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'Oh Waitperson, Could You Bring Me Some More Bread?'


In a recent Chicago Tribune newspaper column, Mary Schmich makes a provocative, politically correct point. She writes, "People are entitled to be called what they want to be called."

In other words, if you're a woman, and you prefer to be addressed as "Ms. Smith" rather than "Miss Smith" or "Mrs. Smith," that's your privilege. If you're a touch old-fashioned and still like the sound of "Mrs. Smith," that's OK, too.

Ms. Schmich -- or is it Miss or Mrs. Schmich? Let's just call her Schmich -- was specifically writing about the proper naming conventions in the restaurant business:

Is the person who's waiting on you a waiter? Waitress? Waitperson? Table attendant? Right now, "server" seems to be in fashion. "Busboys" used to clean up. Surely they're not "buspersons." That could be confused with the fine buspersons who drive those big, smelly vehicles that carry passengers.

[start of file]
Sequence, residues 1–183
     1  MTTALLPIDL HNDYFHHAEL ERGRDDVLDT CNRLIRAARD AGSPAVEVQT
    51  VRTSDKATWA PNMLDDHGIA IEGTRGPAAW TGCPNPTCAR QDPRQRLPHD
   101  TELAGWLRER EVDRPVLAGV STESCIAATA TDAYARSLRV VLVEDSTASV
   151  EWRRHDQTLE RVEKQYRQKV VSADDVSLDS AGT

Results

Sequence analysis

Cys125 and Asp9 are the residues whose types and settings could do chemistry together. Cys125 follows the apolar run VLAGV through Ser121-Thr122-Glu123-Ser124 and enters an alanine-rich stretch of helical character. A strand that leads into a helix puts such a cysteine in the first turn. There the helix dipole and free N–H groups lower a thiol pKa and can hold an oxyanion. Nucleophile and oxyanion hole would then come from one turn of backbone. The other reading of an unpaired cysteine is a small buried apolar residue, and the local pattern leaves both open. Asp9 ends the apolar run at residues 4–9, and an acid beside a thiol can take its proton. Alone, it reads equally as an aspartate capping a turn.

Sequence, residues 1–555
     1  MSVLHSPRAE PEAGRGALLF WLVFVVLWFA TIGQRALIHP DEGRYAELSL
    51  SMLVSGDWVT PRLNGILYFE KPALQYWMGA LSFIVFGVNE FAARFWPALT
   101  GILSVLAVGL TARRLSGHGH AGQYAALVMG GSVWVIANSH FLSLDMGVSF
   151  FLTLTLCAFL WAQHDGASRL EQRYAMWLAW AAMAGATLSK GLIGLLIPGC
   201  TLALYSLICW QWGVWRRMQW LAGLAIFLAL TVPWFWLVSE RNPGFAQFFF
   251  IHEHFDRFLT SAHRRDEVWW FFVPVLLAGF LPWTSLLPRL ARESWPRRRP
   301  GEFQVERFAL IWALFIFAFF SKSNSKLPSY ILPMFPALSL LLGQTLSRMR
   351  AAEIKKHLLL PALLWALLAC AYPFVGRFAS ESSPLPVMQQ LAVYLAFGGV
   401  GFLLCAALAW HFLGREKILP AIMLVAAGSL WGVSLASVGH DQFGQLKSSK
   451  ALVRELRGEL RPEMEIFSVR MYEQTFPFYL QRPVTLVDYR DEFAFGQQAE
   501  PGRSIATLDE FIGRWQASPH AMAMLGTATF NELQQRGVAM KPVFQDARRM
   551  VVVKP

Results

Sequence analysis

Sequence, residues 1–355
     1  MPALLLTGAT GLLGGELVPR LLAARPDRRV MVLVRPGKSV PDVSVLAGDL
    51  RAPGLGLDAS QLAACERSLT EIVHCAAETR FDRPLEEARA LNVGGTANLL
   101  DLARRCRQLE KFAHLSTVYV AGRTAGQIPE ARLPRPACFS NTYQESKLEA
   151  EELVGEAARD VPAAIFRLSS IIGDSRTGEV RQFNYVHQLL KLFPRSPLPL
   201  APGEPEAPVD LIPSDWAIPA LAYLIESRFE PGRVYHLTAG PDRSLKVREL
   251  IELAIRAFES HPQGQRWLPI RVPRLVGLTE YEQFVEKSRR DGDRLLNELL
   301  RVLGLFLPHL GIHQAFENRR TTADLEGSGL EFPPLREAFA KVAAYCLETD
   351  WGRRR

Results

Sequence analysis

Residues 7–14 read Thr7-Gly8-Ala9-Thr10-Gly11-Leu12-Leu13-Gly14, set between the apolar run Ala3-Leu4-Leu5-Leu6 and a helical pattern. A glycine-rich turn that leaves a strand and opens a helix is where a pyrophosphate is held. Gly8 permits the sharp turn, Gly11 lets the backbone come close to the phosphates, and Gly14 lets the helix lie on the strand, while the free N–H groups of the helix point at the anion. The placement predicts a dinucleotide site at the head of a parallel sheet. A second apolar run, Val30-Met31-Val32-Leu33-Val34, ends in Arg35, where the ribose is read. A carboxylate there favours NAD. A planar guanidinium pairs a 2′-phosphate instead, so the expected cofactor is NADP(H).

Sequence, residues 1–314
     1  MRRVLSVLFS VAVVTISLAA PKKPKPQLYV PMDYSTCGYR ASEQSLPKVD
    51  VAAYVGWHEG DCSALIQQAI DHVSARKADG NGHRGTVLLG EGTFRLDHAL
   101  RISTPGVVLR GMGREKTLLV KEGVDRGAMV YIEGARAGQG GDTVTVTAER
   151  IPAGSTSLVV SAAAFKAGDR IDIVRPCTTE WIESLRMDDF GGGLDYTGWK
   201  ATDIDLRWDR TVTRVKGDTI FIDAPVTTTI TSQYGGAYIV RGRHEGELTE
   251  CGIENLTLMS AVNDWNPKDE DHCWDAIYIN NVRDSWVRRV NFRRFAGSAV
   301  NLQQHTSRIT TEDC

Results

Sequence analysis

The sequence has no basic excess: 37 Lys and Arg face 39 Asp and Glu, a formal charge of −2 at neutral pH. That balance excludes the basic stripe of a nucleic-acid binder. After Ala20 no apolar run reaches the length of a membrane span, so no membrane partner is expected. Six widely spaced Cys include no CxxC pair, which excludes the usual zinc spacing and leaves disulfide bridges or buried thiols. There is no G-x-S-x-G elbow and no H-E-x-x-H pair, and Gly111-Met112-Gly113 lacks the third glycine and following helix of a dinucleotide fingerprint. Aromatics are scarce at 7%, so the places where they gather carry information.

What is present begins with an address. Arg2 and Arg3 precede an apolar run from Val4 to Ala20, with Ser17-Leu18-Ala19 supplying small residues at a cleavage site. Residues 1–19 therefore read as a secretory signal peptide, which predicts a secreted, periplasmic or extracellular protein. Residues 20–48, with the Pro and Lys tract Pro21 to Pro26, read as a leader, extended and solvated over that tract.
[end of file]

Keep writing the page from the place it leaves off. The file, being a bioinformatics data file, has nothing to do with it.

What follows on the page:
No, some restaurants like you to refer to those who scrape your leftover spaghetti into tubs as "bussers." But Schmich admonished the person who wrote in to say that. "Dis is Chicaga," she wrote in a mock Chicago-ese, "and a lot of people remain attached to the word 'busboy.'"

She's right, of course. You should be called what you want to be called: flight attendant, not stewardess. Sales associate, not a lowly salesman. Firefighter, mail carrier, refuse collector, telephone attendant, and certainly "stay-at-home mom" rather than "housewife."

But here's the problem. How do we KNOW what a stranger likes to be called?

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